If there is one thing that rap fans will agree, it is that Kanye West is his own worst enemy. Give the man some air time or tweet time, and you’ll have a pipeline of outrageous and controversial comments to keep you amused, give you inspiration to write your next rap song, or approach a school/college project more creatively. Because that’s who Yeezy is : a maverick who is not content letting his work do the talking for him. Because that’s not what rap music or even what modern-day entertainment – which thrives on controversy, drama and opposition is all about. In a world where any publicity is good publicity, Yeezy has been making all the right moves, whether intentionally or unintentionally. However, a lot of his antics over the last sort of months, have become a bit too much for his fans and himself.

J.Cole criticism and hospitalization

This November, West suffered a mental breakdown and after a brief stint in rehab was back on his feet. He is rumored to be working on new material in a makeshift studio at his Bel Air home. For a man who has ignited unnecessary feuds with perfectly reasonable celebs – Taylor Swift and Jimmy Kimmel – designated himself ‘god’s vessel’ and attacked Beyoncé for playing politics at the 2016 VMA Awards, he is as unpredictable and annoying as free spirited artists come.

A compilation of all of Yeezy’s ‘Oh, my God, he didn’t say that!’ statements would make him pretty insufferable in any sane, patient human being’s mind. But worse, they risk clouding their judgment about and appetite for his music. Which would be a shame, because Yeezy is a master in his line of work. This regret was recently voiced by J. Cole, who made it clear that the artist who had created the brilliant Jesus Walks and the celebrity who clubbed shocking metaphors with inconsistent declarations (“Gonna start a new movement, being led by the drums”) in Yeezus, an otherwise powerful and highly listenable experimental album, were two different men.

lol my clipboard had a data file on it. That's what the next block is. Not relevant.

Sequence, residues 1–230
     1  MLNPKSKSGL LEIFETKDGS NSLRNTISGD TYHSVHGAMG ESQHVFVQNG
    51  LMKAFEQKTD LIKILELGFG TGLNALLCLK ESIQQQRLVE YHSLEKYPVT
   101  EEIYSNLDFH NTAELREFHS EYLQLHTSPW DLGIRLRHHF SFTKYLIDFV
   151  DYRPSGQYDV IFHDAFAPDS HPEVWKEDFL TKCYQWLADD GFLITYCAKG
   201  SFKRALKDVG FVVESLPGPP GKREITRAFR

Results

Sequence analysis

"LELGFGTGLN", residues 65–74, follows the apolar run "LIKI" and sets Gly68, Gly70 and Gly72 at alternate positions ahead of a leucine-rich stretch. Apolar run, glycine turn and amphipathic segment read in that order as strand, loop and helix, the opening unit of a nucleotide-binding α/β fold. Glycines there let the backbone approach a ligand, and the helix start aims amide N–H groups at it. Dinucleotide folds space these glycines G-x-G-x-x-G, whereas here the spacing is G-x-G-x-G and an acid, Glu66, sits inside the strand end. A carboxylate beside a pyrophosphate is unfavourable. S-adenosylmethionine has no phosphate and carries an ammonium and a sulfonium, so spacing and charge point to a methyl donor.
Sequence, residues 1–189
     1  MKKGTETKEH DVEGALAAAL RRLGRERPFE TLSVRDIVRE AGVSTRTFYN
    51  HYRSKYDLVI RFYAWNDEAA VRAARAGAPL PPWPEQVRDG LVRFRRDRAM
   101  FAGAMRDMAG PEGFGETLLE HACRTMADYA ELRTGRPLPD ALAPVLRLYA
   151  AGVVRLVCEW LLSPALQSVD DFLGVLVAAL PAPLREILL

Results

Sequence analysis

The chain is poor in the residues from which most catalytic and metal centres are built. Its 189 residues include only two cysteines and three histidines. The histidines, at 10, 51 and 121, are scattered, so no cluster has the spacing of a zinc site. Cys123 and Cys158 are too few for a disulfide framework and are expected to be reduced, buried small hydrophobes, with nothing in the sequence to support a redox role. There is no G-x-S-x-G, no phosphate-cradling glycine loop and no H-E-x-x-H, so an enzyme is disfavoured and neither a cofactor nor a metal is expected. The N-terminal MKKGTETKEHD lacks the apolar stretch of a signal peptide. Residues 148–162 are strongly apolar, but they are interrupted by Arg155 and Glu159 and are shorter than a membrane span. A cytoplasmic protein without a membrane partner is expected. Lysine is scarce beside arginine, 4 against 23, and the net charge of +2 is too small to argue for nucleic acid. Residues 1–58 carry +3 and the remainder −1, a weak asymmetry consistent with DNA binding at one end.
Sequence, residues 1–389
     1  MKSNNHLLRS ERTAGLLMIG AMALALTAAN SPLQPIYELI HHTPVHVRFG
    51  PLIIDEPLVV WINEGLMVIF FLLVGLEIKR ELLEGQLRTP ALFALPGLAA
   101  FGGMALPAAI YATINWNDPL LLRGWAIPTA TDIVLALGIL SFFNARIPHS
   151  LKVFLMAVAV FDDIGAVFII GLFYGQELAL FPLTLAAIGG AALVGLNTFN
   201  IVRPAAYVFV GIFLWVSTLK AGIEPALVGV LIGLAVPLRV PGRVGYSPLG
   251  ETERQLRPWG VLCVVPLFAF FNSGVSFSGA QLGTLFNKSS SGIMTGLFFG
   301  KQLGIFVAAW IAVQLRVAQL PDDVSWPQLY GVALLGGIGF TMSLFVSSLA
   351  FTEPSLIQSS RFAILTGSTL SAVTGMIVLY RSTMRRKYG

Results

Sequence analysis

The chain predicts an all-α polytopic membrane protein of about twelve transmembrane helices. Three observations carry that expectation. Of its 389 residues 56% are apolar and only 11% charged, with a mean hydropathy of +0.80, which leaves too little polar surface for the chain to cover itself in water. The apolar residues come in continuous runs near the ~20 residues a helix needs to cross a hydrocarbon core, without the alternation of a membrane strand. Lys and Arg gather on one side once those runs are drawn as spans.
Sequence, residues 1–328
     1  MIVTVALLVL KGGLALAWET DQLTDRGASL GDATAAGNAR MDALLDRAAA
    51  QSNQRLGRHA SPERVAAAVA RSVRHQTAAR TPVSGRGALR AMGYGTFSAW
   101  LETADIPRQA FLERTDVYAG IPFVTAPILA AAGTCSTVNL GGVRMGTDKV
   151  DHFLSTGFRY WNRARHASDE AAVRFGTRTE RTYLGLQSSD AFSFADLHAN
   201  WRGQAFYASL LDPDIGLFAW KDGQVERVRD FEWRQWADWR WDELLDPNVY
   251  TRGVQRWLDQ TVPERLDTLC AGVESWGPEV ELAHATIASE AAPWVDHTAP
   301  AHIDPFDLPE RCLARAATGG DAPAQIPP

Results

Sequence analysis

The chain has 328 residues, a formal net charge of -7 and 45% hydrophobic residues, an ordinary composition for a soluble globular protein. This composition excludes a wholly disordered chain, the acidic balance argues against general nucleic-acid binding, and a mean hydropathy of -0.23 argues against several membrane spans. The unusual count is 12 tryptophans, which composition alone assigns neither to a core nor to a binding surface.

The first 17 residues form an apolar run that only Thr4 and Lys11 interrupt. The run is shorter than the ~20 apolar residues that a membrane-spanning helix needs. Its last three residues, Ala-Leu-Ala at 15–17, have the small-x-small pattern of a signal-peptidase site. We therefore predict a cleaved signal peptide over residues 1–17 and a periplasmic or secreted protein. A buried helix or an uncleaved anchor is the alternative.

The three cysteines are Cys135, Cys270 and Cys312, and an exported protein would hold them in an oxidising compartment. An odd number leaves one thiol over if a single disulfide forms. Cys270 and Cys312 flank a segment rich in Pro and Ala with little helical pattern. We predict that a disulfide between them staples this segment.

And he wasn’t exactly subliminal :

“Ego in charge of every move, he’s a star/ And we can’t look away due to the days when he caught our hearts. He’s falling apart but we deny it/ Just to find the half-assed shit he drop, we always buy it”

“There was a time when this nigga was my hero maybe / That’s why his fall from grace is hard to take, cause I believed him when he said his shit was purer and he / The type of nigga swear he real but all around is fake.”

“Wonder if it’s my fault for idolizing niggas’ words that they be rappin / But come to find out these niggas, they don’t even write they own shit”

Though the last line could be referencing Drake, who has been called out for alleged ghostwriting by Kendrick Lamar in King Kunta, J.Cole laid bare his opinion, which cannot be faulted, but at the same time, must not encourage us to write-off West despite his unstable behavior. Sure, the ‘prophecy of Yeezus’ being the purest is flawed; that Yeezus must be respected and revered for his work isn’t.

The mystique of Kanye West

Yeezy’s talent and work is best understood in the form of an exposition. His lyrics – filled with brutal honesty and an unbelievable amount of observation – have resonated with rap fans and anyone with a healthy appreciation for the language. His first three hip-hop albums were influenced by soul music, and he has ventured into conceptual and experimental territory like no other fellow hip-hop artist can lay claim to. He has legitimate production skills, and his historic deal with Adidas – resulting in the runaway hit Yeezy sneakers – have supported his design credentials. Rolling Stone  magazine named 808S & Heartbreak one among the ’40 Most Groundbreaking Albums of All Time’; it has served as the go-to template for rising hip-hop and rap artists, notably Drake. And Beyoncé’s husband has called him a genius.

Staying power

According to Psychology Today, creative people can be proud and humble at the same time; at once, rebellious and conservative; extremely sensitive, and isolated and misunderstood. This is not a defense of all the outrageous things that have originated from West’s mouth. But it does offer us a path into West’s mind – which is blessed (in a good and bad way) – and which cannot afford to be silenced – for the sake of music fans, design fans, and those among us who know deep inside that we will miss Yeezy and that the hip-hop world will feel a void. A world without Kanye West will be less interesting, not from an absence of the controversies that follow him, but for the groundbreaking music and art that emanates from his soul and offers respite from the manufactured music of our times.